Without much fanfare, a sweeping new networking research initiative was announced at the ACM Special Interest Group on Data Communications (SIGCOMM) conference at the end of August.
Presented as part of the works-in-progress session, the US National Science Foundation's (NSF) Global Environment for Networking Investigations (GENI; www.nsf.gov/cise/geni/) was so unheralded beforehand that even conference coordinator Joe Touch, director of the Postel Center at the University of Southern California's Information Sciences Institute and inventor of the X-Bone overlay technology, didn't know about the initiative.
Most presentations at the work-in-progress sessions fall under the "My grad student and I have this idea; what do you think?" category, Touch says. So he was surprised to see the potentially groundbreaking presentation under the NSF's "dealing with the Internet's core architecture" banner for that session.
"That's not where you expect to hear this kind of stuff come out," Touch says.
How revolutionary might GENI be? Its stated goals are to research the development of nothing less than a "clean slate" Internet. According to the NSF, the GENI initiative will support the research, design, and development of new networking and distributed systems capabilities by
• creating new core functionality — going beyond the existing paradigms of datagram, packet, and circuit switching and designing new network-management paradigms and naming, addressing, and identity architectures;
• developing enhanced capabilities — building security into the architecture; designing for high availability; balancing privacy and accountability; and designing for regional differences and local values;
• deploying and validating new architectures — incorporating emerging technologies (wireless and optical, for example) and new computing paradigms enabled by pervasive devices;
• building higher-level service abstractions — using, for example, information objects, location-based services, and identity frameworks;
• building new services and applications — developing principles and patterns for distributed applications as well as making large-scale distributed applications secure, robust, and manageable; and
• developing new network architecture theories — investigating network complexity, scalability, and economic incentives.
To broaden participation in the initiative, the NSF says its Computer and Information Science and Engineering (CISE) board will work with industry, other US agencies, and international groups.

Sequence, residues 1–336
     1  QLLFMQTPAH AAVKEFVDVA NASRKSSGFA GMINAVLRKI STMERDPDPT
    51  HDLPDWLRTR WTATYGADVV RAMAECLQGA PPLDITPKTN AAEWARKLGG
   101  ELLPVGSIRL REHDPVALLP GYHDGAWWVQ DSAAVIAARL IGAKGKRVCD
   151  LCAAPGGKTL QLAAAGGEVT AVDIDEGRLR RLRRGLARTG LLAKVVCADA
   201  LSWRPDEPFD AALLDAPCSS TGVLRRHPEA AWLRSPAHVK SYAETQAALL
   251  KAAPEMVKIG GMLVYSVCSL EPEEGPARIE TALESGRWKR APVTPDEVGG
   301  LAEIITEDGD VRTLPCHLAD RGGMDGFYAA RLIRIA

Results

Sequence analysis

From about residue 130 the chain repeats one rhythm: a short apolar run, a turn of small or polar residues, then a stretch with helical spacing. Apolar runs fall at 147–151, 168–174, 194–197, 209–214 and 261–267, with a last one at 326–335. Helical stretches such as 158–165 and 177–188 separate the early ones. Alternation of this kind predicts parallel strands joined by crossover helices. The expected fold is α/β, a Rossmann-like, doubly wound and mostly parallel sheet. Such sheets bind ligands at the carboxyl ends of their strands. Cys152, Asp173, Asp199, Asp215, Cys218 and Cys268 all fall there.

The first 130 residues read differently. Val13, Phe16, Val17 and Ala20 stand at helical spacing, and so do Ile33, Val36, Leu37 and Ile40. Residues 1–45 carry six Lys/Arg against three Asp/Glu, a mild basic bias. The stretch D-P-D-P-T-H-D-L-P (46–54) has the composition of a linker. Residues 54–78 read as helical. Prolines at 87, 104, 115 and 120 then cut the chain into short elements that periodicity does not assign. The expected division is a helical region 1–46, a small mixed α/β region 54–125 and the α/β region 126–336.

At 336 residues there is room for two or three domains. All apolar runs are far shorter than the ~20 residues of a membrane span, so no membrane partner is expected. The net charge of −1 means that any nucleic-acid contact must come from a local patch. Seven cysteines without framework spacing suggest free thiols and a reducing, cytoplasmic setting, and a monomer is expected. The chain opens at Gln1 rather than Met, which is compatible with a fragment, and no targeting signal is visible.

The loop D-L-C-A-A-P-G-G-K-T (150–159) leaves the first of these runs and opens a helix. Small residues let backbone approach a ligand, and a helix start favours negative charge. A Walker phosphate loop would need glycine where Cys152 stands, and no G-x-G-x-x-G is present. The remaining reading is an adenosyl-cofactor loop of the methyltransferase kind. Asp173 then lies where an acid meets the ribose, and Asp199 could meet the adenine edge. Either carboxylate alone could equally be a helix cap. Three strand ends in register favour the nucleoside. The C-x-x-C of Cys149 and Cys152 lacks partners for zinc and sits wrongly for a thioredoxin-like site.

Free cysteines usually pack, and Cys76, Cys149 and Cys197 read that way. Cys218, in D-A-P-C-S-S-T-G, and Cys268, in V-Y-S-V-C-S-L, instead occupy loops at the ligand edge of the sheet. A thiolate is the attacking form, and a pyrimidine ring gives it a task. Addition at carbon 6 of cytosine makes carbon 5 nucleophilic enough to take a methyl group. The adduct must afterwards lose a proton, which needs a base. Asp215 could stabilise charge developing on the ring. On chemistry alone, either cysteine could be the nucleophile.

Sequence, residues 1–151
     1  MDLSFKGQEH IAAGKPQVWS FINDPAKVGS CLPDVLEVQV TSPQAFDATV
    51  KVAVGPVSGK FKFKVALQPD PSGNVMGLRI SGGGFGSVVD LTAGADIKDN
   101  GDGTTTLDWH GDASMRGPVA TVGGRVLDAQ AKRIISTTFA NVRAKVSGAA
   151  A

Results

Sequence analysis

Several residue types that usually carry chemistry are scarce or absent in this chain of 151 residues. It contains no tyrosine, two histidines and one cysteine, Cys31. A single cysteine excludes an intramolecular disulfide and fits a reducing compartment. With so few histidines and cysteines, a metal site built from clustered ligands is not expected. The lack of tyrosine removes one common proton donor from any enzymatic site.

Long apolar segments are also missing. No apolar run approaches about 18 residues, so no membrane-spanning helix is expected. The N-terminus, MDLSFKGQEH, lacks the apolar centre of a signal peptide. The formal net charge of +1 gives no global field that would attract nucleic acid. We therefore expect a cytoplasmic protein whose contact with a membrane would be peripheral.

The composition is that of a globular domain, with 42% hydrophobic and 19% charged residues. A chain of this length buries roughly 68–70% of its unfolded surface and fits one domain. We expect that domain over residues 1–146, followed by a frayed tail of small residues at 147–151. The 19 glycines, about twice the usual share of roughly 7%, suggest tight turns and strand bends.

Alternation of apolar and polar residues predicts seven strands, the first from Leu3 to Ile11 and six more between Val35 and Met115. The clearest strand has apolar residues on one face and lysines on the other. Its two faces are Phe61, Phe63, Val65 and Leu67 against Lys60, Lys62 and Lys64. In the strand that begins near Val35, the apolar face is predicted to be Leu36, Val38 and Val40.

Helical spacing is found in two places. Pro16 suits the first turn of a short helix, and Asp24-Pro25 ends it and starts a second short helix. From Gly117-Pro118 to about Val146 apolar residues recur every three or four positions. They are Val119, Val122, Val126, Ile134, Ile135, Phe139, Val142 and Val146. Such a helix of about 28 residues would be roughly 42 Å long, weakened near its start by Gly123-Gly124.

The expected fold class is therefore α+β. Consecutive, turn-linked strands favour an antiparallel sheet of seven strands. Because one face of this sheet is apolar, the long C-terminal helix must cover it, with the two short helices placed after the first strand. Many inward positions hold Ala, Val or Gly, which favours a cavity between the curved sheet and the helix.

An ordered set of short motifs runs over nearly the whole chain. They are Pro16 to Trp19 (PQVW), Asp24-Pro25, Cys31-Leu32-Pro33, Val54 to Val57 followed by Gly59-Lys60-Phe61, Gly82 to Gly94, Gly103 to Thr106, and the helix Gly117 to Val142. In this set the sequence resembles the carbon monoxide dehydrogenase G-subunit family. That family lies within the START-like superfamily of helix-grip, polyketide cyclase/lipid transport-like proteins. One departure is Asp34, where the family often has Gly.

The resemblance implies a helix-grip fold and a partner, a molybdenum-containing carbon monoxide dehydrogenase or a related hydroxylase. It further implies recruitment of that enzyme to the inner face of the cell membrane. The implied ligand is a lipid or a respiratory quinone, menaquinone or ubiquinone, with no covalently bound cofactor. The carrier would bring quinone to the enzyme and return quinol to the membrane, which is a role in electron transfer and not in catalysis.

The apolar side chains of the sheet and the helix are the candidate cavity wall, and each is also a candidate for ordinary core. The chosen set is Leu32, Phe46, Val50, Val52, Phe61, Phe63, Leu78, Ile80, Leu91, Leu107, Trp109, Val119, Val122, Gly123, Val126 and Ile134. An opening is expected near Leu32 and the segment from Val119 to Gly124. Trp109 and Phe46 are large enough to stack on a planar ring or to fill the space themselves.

Over the long term, GENI might succeed in some or all of its goals. But in the near term, the initiative signals a potential tectonic shift in the way the US research community proposes funding projects. Computer science researchers and US Congressional science experts have been concerned about several trends under Darpa, which has funded and overseen the bulk of large-scale Internet architecture research since the network's incubation days. For example, the proposed fiscal year 2006 budget for the US Networking and Information Technology Research and Development (NITRD) program is US$2.15 billion, down slightly from last year's $2.2 billion ( www.aaas.org/spp/rd/06pch23.htm). In addition, some are critical of what they view as Darpa's new emphasis on short-term research, which they believe will denude the pipeline of "blue sky" ideas, such as the packet-switching technology of the original Arpanet, that will reach fruition years down the road. Darpa Director Anthony Tether disputes these claims. In testimony before the Science Committee in the US House of Representatives ( www.house.gov/science/hearings/full05/may12/), Tether said the agency is emphasizing a new multidisciplinary approach, and computer scientists must learn to live with the new era.
"The major complaint about reduced university funding seems to be coming from one discipline — computer science," Tether testified. "But if Darpa's overall funding of universities is more or less constant, then other disciplines must be the recipients of Darpa's research funding. The key question becomes, 'What other discipline has grown significantly over the past five years at the expense of computer science?' As part of my investigation, I reviewed several dozen university Web sites to see if I could determine the new discipline that was on the rise.
"The answer is surprising on the one hand and obvious on the other: no single discipline has been taking over. Every university Web site I visited advertised that they had created centers for multidisciplinary research and professed that these centers were the harbinger of the future. What must be happening is that, while computer science is always part of the multidisciplinary efforts, its past dominance and, hence, respective share [of funding] must be decreasing in relationship to the other disciplines involved in the effort."
Some computer scientists say the result of the new order at Darpa is a dog-eat-dog atmosphere in which the struggle for continued backing trumps collaboration as funds diminish. If the NSF can fund GENI (GENI backers' preliminary figures totaled $300 million over five years), Touch says he believes the zeitgeist among researchers will be one of cooperation.
"It may be very competitive in the proposal phase, but generally, once you get support from NSF there's just no need to compete with each other," he says. "They are much more collaborative and cooperative, encouraging and assuming that of their researchers."
Nonetheless, a shift in network research funding from Darpa to NSF would be epochal.